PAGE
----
The controversy around loot boxes has become so prolific that it’s even escaped gaming circles to become a topic of interest for lawmakers and regulators around the world. The latest comes from the US, with a Washington state senator making plans for legislation that would – eventually – lead to regulation of loot box sales within the state.
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The bill introduced by Democrat state senator Kevin Ranker makes no specific indication towards how that regulation would be implemented. Instead, it asks that the Washington state gambling commission conduct a study to determine whether state law could consider loot boxes gambling, whether these types of transactions “belong in games and apps,” whether minors should have access to these types of games, and whether there’s a lack of disclosure around odds for digital items. The bill, if passed, would require the commission to present findings by December 1, 2018.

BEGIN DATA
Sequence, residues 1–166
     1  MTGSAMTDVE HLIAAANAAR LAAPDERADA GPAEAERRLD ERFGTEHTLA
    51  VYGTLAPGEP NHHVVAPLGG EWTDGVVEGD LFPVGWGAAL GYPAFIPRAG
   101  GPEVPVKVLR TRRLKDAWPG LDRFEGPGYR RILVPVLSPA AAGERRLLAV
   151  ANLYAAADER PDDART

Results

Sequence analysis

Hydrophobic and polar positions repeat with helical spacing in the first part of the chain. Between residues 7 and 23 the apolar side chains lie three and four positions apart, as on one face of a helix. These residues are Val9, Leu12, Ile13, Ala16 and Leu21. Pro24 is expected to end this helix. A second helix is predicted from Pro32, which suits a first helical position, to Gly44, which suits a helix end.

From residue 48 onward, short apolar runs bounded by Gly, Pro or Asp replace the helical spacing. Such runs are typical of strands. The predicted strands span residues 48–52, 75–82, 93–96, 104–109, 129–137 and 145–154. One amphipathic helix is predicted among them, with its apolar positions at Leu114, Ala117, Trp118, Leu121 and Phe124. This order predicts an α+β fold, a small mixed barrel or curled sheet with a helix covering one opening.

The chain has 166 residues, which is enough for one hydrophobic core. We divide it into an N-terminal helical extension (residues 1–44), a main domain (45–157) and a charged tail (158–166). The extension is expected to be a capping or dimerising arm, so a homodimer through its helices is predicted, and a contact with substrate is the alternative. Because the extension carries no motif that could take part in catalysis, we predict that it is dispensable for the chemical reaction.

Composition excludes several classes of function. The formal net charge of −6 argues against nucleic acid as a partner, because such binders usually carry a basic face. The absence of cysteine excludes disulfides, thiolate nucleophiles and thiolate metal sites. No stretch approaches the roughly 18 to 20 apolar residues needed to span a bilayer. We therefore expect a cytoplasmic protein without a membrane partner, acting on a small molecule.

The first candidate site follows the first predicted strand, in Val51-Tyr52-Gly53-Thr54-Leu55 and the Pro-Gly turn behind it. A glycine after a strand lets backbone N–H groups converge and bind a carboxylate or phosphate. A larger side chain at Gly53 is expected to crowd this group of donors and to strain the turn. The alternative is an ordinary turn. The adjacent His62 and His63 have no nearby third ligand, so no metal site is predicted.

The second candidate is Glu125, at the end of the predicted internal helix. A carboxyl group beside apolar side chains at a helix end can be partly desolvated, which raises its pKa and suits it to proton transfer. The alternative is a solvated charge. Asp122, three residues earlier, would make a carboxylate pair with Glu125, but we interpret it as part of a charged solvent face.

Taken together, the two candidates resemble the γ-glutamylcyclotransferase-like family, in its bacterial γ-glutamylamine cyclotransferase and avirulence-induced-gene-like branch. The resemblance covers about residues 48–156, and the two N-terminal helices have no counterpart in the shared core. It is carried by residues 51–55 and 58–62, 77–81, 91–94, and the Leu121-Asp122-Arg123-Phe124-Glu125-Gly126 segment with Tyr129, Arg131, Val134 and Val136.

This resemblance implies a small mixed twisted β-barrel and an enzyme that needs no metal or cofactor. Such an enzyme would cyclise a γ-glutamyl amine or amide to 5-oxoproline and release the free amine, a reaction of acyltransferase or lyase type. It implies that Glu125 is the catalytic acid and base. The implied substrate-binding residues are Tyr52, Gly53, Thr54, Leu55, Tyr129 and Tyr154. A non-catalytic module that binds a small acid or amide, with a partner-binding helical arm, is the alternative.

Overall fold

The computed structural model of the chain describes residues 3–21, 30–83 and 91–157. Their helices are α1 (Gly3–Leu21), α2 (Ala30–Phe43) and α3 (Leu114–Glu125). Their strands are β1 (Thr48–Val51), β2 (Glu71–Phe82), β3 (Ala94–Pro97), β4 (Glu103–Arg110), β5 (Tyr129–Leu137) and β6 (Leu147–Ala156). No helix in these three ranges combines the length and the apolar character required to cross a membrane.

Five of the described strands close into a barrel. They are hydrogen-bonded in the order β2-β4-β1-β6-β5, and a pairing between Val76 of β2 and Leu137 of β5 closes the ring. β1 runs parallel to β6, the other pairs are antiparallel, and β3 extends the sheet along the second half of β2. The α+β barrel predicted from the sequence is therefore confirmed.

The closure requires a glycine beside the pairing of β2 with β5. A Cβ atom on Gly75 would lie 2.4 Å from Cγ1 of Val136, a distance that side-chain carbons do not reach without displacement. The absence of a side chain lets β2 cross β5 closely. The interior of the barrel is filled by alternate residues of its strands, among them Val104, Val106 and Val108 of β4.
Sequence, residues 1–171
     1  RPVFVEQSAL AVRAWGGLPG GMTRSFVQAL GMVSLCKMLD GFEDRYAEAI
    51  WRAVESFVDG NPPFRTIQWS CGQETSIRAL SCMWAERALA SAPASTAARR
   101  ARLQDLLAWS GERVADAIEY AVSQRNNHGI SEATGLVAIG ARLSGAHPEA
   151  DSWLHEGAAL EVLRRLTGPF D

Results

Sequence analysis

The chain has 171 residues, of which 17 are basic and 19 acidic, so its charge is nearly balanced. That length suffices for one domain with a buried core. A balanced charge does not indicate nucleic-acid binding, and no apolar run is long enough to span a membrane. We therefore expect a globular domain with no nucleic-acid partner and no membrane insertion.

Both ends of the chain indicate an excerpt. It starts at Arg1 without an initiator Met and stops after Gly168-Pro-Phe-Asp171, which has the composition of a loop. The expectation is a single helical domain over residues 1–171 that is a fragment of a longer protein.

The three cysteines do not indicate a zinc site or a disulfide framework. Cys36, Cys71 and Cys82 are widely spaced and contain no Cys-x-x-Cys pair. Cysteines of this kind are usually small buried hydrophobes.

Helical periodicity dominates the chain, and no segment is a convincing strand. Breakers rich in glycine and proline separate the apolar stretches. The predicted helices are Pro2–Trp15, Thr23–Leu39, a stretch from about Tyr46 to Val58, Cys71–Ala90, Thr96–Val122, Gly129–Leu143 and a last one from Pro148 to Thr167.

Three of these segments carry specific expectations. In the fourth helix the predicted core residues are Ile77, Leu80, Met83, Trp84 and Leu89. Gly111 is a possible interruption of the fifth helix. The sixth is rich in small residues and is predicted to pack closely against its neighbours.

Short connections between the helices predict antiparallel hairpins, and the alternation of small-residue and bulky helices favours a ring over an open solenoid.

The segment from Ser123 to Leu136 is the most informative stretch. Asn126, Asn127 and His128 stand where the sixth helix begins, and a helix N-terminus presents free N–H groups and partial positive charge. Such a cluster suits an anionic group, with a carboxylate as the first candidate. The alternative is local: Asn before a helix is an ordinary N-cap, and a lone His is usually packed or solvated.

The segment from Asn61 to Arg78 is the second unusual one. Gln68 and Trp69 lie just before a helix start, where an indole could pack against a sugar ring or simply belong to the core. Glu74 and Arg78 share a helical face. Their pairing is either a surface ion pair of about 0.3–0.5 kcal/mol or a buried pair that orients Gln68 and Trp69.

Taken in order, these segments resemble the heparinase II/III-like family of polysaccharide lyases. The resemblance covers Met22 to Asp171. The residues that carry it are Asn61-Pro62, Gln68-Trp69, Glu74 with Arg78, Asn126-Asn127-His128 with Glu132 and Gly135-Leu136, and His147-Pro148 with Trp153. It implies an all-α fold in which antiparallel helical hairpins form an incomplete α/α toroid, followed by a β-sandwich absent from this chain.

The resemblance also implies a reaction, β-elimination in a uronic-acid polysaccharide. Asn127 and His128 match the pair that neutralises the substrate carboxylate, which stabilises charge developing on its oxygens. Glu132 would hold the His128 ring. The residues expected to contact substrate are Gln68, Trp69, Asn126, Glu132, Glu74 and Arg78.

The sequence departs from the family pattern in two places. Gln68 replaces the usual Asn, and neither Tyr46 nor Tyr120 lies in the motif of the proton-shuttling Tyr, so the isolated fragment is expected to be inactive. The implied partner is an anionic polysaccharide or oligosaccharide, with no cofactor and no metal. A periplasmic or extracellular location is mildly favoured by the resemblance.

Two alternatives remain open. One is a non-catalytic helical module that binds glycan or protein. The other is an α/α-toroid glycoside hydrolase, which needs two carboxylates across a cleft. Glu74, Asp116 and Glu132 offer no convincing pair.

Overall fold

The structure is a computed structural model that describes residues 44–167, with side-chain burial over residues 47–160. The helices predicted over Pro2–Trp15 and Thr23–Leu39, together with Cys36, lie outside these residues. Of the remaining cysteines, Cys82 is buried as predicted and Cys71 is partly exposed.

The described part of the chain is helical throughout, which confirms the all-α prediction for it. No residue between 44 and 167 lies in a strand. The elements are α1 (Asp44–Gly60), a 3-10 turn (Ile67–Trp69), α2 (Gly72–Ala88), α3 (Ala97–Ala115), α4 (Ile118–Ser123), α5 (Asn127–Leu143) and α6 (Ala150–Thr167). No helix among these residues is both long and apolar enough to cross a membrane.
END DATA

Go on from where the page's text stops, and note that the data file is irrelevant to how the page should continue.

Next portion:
“What the bill says is, ‘Industry, state: sit down to figure out the best way to regulate this,’” Ranker tells The News Tribune. “It is unacceptable to be targeting our children with predatory gambling masked in a game with dancing bunnies or something.”
On his Twitter account, Ranker says “I am proud to be sponsoring legislation to protect our children from predatory video games that blur the lines between gaming and gambling in a way children cannot recognize.”
This follows similar measures from state legislators in Hawaii. The UK gambling commission has determined that loot boxes do not meet their legal definition of gambling, and the government of Belgium’s investigation into the matter is still ongoing.